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John

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  • #60465
    John
    Participant

    You’re welcome Anna. And thank you for the discussion 🙂

    I hear what you are saying about it feeling bad/dirty. I suspect that the more you explore this, the more you’ll feel comfortable with it and those thoughts as well. I think you’ll start to notice that these thoughts are normal to being a human and are not bad.

    Best wishes to you 🙂

    #60366
    John
    Participant

    Hi Anna,

    My view is that masturbation is like most things in that it is healthy when done in moderation. Just don’t let it be something you do all the time (nothing else going on) and you’ll be fine. I’ll get to your thoughts of others in a moment. But looking at masturbation in itself, what’s not to love? You get to learn how you are wired, what pleases you, on your terms, in the comfort of whatever space is comfy for you. You control the speed and pressure, when to stop and when to release. It’s a win, win, win, win (and then some) situation for you. Again, allow yourself the experience in moderation and you’ll be fine.

    Guilt from thoughts. I’ve experience this as well, but not as much anymore. Here are some thoughts which helped me.

    I haven’t met anyone who has complete control over what thoughts pop in their head. Our senses are constantly stimulating our brain, bringing all kinds of images and words to mind. Receiving physical pleasure will surely keep a steady stream of fantastic imagery flowing. It’s not surprising that at least some of these images are of someone you find physically attractive. Seeking out someone attractive to mate with is part of how we are wired. When you’re in love with someone, why would this hard wiring shut off? It’s like when you hang out with your loved one, and notice an attractive man. Do you stop recognizing that man as attractive just because you’re in love? I’d bet you don’t, and you shouldn’t, and that is normal because of how are brains are wired. Learn to cut yourself slack on this, at least for the reason that thoughts are very much out of our control. How we decide to follow through on our thoughts is what needs attention, imo.

    Then you might ask ‘should I follow through with masturbation when having these images of someone else?’ Absolutely. It doesn’t mean that you’re in love with the person you’re picturing. You may just think they have sexy features. In my experience, love and sex are two separate things, and obviously often go hand in hand. Seeing these as separate can be a challenge because there are strong emotions involved with each. Maybe that’s how guilt works it’s way in. I’ve had my share of struggles with it. But the more I saw them as separate, the more healthier I felt my approach to sex and love became.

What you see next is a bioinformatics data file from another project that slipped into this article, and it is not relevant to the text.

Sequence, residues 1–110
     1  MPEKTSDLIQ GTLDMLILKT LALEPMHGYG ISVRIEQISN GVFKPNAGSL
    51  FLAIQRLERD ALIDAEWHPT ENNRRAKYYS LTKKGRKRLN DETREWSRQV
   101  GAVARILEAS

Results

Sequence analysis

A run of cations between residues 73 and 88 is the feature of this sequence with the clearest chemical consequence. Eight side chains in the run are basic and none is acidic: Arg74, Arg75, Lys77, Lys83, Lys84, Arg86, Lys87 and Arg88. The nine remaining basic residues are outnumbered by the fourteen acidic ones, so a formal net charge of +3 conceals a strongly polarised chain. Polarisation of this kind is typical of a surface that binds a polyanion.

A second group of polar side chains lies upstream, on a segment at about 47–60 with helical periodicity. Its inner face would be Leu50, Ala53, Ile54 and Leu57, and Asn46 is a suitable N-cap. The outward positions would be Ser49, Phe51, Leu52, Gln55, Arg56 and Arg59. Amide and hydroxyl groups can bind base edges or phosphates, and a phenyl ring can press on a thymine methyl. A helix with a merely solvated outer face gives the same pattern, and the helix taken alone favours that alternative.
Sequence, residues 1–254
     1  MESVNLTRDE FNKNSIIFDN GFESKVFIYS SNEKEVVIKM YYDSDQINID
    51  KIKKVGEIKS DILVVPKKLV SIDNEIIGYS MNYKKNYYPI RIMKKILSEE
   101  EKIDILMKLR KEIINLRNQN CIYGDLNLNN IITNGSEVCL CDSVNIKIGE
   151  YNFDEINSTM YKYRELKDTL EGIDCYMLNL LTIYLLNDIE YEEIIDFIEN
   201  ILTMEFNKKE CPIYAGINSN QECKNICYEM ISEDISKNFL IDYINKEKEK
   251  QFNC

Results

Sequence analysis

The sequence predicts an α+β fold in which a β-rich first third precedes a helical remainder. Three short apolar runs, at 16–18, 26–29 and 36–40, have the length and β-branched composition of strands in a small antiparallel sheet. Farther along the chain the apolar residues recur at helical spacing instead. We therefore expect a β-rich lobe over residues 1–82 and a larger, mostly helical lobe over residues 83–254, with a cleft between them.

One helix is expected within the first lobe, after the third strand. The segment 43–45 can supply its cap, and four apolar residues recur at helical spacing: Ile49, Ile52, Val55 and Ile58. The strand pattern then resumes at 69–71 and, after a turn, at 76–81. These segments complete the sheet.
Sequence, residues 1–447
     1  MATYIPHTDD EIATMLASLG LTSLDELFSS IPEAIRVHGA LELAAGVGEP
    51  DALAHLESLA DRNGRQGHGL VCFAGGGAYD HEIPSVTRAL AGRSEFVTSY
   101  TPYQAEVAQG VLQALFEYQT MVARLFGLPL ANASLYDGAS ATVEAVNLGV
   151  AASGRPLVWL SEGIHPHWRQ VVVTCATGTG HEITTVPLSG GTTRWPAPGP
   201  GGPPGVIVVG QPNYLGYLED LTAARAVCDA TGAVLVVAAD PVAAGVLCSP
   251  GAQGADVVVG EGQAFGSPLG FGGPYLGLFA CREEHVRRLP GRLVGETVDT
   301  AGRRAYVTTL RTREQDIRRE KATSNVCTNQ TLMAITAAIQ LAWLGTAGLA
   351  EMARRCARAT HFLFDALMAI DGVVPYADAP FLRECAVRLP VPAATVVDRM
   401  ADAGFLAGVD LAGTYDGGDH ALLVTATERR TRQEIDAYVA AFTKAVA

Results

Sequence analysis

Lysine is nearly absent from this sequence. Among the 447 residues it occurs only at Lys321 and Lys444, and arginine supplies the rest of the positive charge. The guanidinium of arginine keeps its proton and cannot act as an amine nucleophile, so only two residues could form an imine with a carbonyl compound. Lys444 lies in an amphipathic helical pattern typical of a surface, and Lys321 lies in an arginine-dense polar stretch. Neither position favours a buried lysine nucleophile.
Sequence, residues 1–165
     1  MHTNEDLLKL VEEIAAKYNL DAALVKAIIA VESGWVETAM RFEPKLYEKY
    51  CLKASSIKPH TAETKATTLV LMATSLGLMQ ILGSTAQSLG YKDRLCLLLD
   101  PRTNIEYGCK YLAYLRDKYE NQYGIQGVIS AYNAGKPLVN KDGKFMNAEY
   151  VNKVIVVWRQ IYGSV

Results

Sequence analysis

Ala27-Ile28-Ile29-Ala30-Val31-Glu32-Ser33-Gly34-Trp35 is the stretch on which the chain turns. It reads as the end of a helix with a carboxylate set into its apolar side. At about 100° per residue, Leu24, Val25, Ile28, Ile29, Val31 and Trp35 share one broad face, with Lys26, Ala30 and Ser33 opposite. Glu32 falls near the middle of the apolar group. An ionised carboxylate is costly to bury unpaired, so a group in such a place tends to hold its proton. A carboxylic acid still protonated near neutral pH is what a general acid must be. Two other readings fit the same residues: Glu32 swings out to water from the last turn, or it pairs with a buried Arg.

So my advice in a nutshell. Allow yourself the wonderful experience of self pleasure and exploring what turns you on. Go easy on yourself. The thoughts which trigger from physical pleasure might be all over the place. Let it happen and enjoy. It doesn’t mean you’re in love with someone else. It may just mean that they have features which you find sexy.

    : )

    #60258
    John
    Participant

    This reminds me of someone else who posted recently, saying they can’t shut off the mind, and they just go go go.

    My suggestion to them is the same I’ll give to you.

    Spend time not thinking. Just start now for one minute. Turn off all electronics, close your eyes, and just feel. Any thoughts that emerge, just let them come and go. For this time, which is all about you resting your brain, those thoughts are meaningless. All thoughts are meaningless during this. Only allow your brain to focus on your senses at the present moment. Sit still and comfortable, keep eyes closed. Begin to sense parts of your body. Focus on arms, feet, nose, whatever, for as long as you like. But any images or thoughts which happen, just let them pass. Your brain needs a break from that. Deep sleep is great but not enough sometimes. Do this simple idea for a minute, or longer if you’d like, up to you. I say a minute so you get a taste of it. It can be quite challenging at first. Our brains are easily distracted by calls, tv, thoughts about ‘what should I be doing’ and ‘why did I do that’. These are all distractions. This meditation I’m trying to describe to you is simply being in the moment, being in tune with your senses. You’ll likely not notice much at first, but if you do, even better. Hopefully you’ll get the idea of what I’m trying to explain. It’s easy concept but difficult to practice, at first.

    #60241
    John
    Participant

    Hi Ayame,

    I can’t say I’ve been in your position but I feel I can relate to some of what you’re describing.

    Though, what sticks out to me is how you talk about failure.
    “if the kids have done badly that it is automatically my fault”
    “if I don’t worry or beat myself up that I am failing somehow and should be trying harder”

    We’re taught that failure is a bad thing. I personally disliked school mainly because of the idea that if I failed enough, then I could flunk the whole year, then have to repeat it. I was terrified of that happening. I quickly put together that failure should be avoided at ALL costs. I’m feeling this kind of vibe in your post.

    Over the years, my view on failure has changed.

    First of all, it’s normal to fail. How many times do we succeed at anything on the first attempt? Our body and mind are not perfect. We each have at least slightly different wiring in the brain. Our minds wander at times because we have an imagination which doesn’t shut off (another good thing). We have emotions. Any one or more of our 5 senses could be stimulated, prodding our focus to shift to something else. Just from these examples alone, to me, it’s easy to see how easily we can fail at even the simplest tasks. Again, the mind isn’t perfect. Mistakes will be made. Maybe we should go easier on ourselves and others?

    Secondly, failure can be a good thing. We can learn from mistakes, hoping to not repeat them. Will we get a perfect score on the next attempt or the one after that? Not sure. We still have those other things going on which contend with our focus, mentioned in prev paragraph. Surely there are times when you learned something from a mistake that you otherwise would not have learned if you had succeeded.